A good chunk of the book is spent on exploring what the Iron Hands are becoming after the Massacre. This is my favorite aspect of it since it really delves into what separates them form the traitors, besides the powers of Chaos of course. The Iron Hands have started to become more and more ruthless, using the logic that the ends justify the means. They figure they have to do whatever it take to defeat the enemy, whatever that entails. It takes Khi'dem of the Salamanders, Ptero of the Raven Guard, their legion serfs, and some pretty dire circumstances for them to realize that compassions is one of the few things that separates them from Horus' lot. They are fighting for the Imperium and all it's people, not just victory.
There is also of course, Pythos, the planet whose damnation is mentioned in the title. This planet is a vicious Death World within the Pandorax system. Yes, it is that same planet from that 40k campaign campaign and novel. There's nothing here that really ties it into it's 40k counterpart though besides the taint of Chaos. The Space Marines spend a good portion of the novel fighting the planet itself and the gigantic dinosaurs that call it home. There is also the taint of Chaos that lingers over the planet and has turned everything into a predator. We get some cool scary moments out of this, but not as much as I would like. The Marines are barely effected by it besides them experiencing a feeling of wrongness about the place and a few episodes of Galba hearing voices and freaking out. Instead the legion serfs act as our victims for the horror portion of this.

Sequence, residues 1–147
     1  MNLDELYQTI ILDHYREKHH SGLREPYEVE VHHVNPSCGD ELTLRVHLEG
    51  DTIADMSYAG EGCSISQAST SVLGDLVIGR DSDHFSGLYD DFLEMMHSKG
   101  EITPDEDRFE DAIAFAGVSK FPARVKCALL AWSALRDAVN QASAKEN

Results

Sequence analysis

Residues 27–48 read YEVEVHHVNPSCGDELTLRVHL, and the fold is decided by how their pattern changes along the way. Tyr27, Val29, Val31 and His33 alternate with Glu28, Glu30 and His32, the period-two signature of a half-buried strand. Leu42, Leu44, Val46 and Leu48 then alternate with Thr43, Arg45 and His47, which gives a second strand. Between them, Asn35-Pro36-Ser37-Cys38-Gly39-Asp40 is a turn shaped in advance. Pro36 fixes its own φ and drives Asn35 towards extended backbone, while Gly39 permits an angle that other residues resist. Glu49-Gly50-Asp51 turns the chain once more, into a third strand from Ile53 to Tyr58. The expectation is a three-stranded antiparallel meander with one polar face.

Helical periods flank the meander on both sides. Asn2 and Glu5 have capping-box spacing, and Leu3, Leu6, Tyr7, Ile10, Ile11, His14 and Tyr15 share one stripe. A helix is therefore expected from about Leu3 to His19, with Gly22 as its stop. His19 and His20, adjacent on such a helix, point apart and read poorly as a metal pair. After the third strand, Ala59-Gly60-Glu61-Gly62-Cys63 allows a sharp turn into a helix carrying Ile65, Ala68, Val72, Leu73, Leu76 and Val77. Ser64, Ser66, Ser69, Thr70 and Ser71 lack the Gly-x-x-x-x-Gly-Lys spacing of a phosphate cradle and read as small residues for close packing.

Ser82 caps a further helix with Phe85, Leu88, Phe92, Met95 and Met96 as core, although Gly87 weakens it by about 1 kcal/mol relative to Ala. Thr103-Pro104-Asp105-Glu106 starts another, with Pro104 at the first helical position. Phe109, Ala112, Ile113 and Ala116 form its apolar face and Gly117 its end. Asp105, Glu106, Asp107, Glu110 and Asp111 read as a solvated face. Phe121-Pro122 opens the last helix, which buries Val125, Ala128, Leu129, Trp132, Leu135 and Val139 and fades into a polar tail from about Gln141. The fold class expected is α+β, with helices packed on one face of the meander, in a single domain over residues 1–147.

This was another one of my favorite parts, as some moments were genuinely scary and unsettling. Galba's serf, Kanshell, is our main point of contact here. Every night the regular humans suffer horrible nightmares and one or two of them usually end up killing themselves in some horrible way as they scream and rave about the demons. It's pretty great stuff, but like I said before, is over to soon. We also get to see the Leticio Divinatatus spread throughout the humans as a natural counter to the demonic nature of the planet.